Wednesday, 29 August 2012

The Artist Unleashed: WHY WRITING IS LIKE PRACTICING MEDICINE, by Lydia Kang

The Artist Unleashed posts have moved to a new domain. Please click HERE to read the rest of this post and for the opportunity to comment. Just search for the title of the post in the search bar on the new site.

35 comments:

  1. Enlightening as always Lydia. Just wondering whether you are a creative prescription writer?

    ReplyDelete
  2. But ... I WANT to live alone in a shack in the woods and write ... okay, fine. The kids probably wouldn't appreciate that choice. Great post, Lydia!

    ReplyDelete
  3. Ah, when two of the best come together, it's like whiskey and beer ... or something. Anyway, you guys are great! Love this feature. And I would love a cabin in the woods myself!

    ReplyDelete
  4. Great seeing you here, Lydia. And you're so cool...getting wisdom from Ratatoille. And guys...I'll have a casita in the jungle soon if anyone's interested.

    ReplyDelete
  5. Writing isn't a piece of meat - funny!
    And quoting Ratatouille isn't cheating.

    ReplyDelete
  6. Such great analogy Lydia. I loved the comparisons. Thanks for another great post.

    ReplyDelete
  7. Great post, Lydia. I'm glad you mentioned the part about learning. I know an author who thinks because he is published through a small press, he doesn't need to learn anymore. Nice try! Most careers require us to keep learning.

    ReplyDelete
  8. Great comparison! Love the quote, Lydia.

    ReplyDelete
  9. Very apt comparisons. I am going to share withis with some folks I know who are writers~

    ReplyDelete
  10. Good collection of points - thank you!

    ReplyDelete
  11. Loved this Lydia! How 'bout the wine and coffee drinking curmudgeon in a shack in the woods? Kind of sounds like my ideal writing lab. :0)

    ReplyDelete
  12. I love #3, and especially #5. Great comparisons, Lydia, and a fun way to think of the practice of writing.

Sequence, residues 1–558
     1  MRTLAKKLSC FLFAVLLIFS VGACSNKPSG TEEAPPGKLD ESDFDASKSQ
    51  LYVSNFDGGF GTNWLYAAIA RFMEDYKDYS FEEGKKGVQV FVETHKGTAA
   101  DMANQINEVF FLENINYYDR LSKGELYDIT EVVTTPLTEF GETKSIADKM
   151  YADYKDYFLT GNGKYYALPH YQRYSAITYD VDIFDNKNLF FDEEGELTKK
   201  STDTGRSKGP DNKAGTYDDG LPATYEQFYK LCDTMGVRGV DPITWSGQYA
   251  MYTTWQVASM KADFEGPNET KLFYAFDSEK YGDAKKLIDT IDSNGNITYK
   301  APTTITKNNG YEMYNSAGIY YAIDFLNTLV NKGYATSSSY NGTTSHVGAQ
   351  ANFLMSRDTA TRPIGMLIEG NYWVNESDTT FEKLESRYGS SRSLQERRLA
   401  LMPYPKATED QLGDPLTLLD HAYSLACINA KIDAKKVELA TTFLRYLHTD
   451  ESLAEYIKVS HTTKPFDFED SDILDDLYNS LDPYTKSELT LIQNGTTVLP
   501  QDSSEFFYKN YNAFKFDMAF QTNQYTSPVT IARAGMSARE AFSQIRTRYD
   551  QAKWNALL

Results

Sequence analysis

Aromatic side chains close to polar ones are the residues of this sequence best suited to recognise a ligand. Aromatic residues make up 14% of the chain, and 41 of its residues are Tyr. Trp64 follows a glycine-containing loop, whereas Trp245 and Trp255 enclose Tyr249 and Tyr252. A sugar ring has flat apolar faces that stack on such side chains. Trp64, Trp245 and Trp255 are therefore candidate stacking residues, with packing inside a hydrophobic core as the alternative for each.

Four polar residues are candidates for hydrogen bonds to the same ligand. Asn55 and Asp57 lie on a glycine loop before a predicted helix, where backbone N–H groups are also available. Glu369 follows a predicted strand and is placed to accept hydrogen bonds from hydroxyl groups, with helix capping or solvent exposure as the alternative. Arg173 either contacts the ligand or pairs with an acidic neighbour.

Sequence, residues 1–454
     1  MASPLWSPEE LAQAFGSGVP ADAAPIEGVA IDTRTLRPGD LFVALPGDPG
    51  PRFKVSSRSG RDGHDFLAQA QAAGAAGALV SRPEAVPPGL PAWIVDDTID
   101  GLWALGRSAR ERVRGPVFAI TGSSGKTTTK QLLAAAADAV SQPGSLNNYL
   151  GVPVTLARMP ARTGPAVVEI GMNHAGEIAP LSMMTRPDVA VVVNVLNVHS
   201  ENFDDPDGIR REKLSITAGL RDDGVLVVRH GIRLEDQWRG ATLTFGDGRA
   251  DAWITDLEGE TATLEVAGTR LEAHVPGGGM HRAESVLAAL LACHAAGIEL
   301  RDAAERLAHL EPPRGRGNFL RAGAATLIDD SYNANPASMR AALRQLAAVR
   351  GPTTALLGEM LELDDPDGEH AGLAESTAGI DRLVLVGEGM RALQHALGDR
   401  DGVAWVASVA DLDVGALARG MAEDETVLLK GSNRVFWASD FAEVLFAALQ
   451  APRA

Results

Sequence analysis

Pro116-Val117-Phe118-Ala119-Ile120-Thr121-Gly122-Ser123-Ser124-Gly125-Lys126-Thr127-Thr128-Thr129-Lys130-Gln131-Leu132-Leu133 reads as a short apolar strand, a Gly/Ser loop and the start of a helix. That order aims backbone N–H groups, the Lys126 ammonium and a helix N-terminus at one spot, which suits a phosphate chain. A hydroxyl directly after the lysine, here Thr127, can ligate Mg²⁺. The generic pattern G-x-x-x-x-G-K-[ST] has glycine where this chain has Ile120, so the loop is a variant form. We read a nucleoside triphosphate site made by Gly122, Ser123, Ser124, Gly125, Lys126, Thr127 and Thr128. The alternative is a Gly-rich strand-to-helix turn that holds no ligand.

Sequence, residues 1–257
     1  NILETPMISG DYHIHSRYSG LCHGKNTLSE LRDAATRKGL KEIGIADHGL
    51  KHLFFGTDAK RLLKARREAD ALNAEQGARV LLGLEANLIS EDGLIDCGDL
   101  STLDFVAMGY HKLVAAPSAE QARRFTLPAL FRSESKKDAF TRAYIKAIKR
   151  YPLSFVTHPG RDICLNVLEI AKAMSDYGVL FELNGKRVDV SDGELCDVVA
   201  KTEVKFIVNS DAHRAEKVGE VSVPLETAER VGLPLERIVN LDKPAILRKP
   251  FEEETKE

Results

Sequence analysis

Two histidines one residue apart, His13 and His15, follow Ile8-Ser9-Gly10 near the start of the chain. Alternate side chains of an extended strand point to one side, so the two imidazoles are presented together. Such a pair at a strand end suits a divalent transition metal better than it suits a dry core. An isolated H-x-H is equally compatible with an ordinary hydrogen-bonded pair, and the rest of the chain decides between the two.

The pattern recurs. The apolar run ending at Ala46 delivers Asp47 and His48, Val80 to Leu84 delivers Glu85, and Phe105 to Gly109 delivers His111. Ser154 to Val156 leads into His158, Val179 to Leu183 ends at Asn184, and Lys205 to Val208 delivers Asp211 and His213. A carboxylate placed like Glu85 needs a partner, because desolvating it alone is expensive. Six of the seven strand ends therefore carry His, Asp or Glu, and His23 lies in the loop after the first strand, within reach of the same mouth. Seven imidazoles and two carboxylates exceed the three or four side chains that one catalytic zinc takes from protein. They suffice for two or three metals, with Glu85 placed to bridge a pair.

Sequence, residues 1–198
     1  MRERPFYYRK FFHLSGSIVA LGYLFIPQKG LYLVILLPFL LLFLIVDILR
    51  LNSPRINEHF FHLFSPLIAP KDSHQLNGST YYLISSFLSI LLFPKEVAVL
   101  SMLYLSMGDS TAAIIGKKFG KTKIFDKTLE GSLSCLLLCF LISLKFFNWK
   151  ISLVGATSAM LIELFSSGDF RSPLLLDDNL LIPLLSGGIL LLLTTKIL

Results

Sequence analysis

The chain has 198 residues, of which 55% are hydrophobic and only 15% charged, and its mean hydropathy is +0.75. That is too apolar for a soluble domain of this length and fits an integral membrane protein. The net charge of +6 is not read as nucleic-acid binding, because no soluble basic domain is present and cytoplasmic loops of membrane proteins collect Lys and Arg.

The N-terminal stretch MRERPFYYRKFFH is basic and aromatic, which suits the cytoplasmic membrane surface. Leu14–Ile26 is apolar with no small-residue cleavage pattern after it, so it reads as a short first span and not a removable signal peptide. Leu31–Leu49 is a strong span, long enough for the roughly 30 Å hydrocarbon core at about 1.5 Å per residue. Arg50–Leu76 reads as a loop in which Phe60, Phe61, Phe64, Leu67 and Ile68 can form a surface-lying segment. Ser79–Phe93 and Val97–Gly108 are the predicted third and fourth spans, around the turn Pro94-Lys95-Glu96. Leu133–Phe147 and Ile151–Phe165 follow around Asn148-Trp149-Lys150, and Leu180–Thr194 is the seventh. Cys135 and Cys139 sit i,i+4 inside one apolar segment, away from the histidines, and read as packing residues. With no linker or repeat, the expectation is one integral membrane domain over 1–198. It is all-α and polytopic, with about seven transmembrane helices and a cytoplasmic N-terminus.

ReplyDelete
  13. This is wonderful. Lydia is such a role model!

    ReplyDelete
  14. All very true - esp. the crit partner. My writing has vastly improved since I got mine :)

    ReplyDelete
  15. Wonderful post, Lydia. Completely agree with it.

    ReplyDelete
  16. Thanks for the comparison. It was really helpful, especially #1.

    And crit partners are amazing!

    ReplyDelete
  17. What great insights. My Dad's a doctor and can probably relate to all of these.

    ReplyDelete
  18. I need a crit partner stat! I think I will approach her tonight with cookies in hand.

    ReplyDelete
  19. There's more in common between doctoring and writing than I thought!

    ReplyDelete
  20. I like your list! I'd never thought of there being much connection between writers and doctors.

    ReplyDelete
  21. Hooray for Dr. Lydia! Two of my favorite people in one place. It's like a Reese's peanut butter cup! :D

    This is all such great advice. Good points about the perspective and the fresh eyes and the taking a break. Best to both of you. Can't wait to read CONTROL! :o) <3

    ReplyDelete
  22. Thank you guys for stopping by! :D

    ReplyDelete
  23. Great advice, Lydia, especially the one about taking time off.

    ReplyDelete
  24. Love the comparison, so true! Thanks, Lydia, for sharing. Jessica, thanks for hosting! :)

    ReplyDelete
  25. Really good stuff, Lydia. I especially love the part about living. Although our characters and stories can take over sometimes, it's our real lives that matter the most.

    ReplyDelete
  26. Great interview! Love that list :D Thanks for sharing!

    Jen

    ReplyDelete
  27. Great post, Lydia! I love your stuff, as always. I usually think of writing as therapy, which is... a TYPE of medicine, sort of kind of, right?

    And any girl that quotes Pixar is gonna earn brownie points from me ;)

    ReplyDelete
  28. Great post, Lydia! Super analogy. :)

    ReplyDelete
  29. I never would have thought medicine is like writing. Great guest post.

    ReplyDelete
  30. I loved this list. Number 5 is something I need to remember, something I strive to remember. I feel often so out of balance.

    ReplyDelete
  31. I like your take on that chef line, Lydia. It took me a while before I could see a novel as a whole. It's a long journey. I'm six years and counting. I may not have a published novel until I've done the time equivalent of a brain surgeon.

    ReplyDelete
  32. Oh I love this interview and the analogy. I agree about writing day and night. It doesn't allow for creativity, exposure to new ideas and life that provides the stimuli for your writing.

    ReplyDelete
  33. Lydia~ you're genius wherever you go!

    ReplyDelete

“I'm using my art to comment on what I see. You don't have to agree with it.” ~John Mellencamp

“Allowing an unimportant mistake to pass without comment is a wonderful social grace” ~Judith S. Marin

“I don't ever try to make a serious social comment.” ~Paul McCartney

“I'd make a comment at a meeting and nobody would even acknowledge me. Then some man would say the same thing and they'd all nod.” ~Charlotte Bunch

“Probably what my comment meant was that I don't care about the circumstances if I can tell the truth.” ~Sally Kirkland

“We're not going to pay attention to the silliness and the petty comments. And quite frankly, women have joined me in this effort, and so it's not about appearances. It's about effectiveness.” ~Katherine Harris